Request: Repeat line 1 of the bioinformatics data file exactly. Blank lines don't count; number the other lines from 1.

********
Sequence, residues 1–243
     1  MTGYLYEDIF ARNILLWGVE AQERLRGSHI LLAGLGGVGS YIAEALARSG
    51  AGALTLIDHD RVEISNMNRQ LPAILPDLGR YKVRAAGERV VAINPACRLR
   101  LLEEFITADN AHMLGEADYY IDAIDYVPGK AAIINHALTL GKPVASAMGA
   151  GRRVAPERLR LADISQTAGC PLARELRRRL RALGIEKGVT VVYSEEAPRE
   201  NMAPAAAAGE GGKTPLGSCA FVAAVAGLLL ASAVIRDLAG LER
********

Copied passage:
Sequence, residues 1–243